What’s your story? Why did you first get involved with ACR?
My own cats (not that we “own” cats) died at ages 16 and 17. I was then 68 years old, and unwilling to adopt again and undertake a long-term commitment. An animal-loving friend recommended that I foster with ACR, which I began to do in 2007. In the past eight years, I have looked after 28 cats/kittens: 19 were successfully adopted, four were transferred for various reasons, three died of natural causes, and I currently have two foster cats.
How are you helping now? What volunteer position are you filling? What does your work involve?
Foster two rescue cats.
Describe a real winning moment for you as an ACR volunteer.
It’s hard to choose, but perhaps my most special experience in fostering was caring for a small, beautiful male tabby named Rufus, who was profoundly deaf. I had to learn a lot about how to interact with him without the benefit of sound. We were all very pleased when he was successfully adopted by a compassionate young woman. They fell in love with each other immediately, have since completely bonded and have lived happily ever after.
Why do you think people should volunteer with ACR?
I have great admiration for ACR: the Board members, foster parents, feeders of cat colonies, as well as many other others who work in communications, developing the website, sending out newsletters, organizing fund-raising and adoption events, etc. All ACR people are volunteers and contribute huge amounts of their time and effort to the organization.
As a foster parent, I have always received a great deal of advice and support from foster co-ordinators and others, whenever I encountered problems with my foster cats. They are all very committed and caring people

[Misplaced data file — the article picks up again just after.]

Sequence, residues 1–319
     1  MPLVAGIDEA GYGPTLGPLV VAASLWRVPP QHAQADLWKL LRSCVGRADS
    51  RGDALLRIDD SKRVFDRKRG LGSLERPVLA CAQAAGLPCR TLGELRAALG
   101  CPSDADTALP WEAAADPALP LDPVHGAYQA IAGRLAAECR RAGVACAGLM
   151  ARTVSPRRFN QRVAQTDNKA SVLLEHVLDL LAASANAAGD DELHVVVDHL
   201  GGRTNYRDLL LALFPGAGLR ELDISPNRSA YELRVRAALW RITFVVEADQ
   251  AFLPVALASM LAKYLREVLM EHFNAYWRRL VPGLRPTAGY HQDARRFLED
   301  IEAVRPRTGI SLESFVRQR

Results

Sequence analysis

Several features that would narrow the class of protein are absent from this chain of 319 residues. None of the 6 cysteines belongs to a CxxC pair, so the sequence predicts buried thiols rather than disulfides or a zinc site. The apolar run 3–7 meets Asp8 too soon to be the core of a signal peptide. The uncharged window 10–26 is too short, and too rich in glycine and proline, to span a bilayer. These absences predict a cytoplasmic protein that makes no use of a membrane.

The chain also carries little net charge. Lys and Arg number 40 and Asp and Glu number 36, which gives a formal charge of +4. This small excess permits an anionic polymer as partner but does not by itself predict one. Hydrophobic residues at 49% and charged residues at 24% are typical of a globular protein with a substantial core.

In addition, I very much admire and respect all of ACR’s founding principles and procedures.
In your opinion, what is the most important thing that ACR does?
Most recently, I have been impressed by how ACR is now interacting with other animal rescue organizations to co-ordinate rescue and adoption activities.
What do you do when you aren’t volunteering with ACR? What’s your “real” job?
Besides rescuing cats, what are some of your other hobbies?
Gym. Movies. Concerts. Lunches with friends. Reading.
Do you live with any ACR cats at the moment? Who and what is their back story?
I currently foster a mother and daughter pair, Tina and Rue, rescued from a cat colony, who have a difficult history and require a lot of socialization: getting them to be comfortable in a domestic setting with all its new sights, sounds and smells, teaching them how to play with toys, interact with me, etc. It is a great challenge, but I am enjoying it.
Photo: Patches (black and white) and Shreddy, a bonded male pair rescued from a cat colony, both well known to and loved by ACR volunteers. Patches died of natural causes in my arms at home in late January. Shreddy died in late March, having been at a veterinary clinic for a month for treatment for a respiratory infection and undergoing dental surgery. Both cases very sad, but not unexpected, given their history.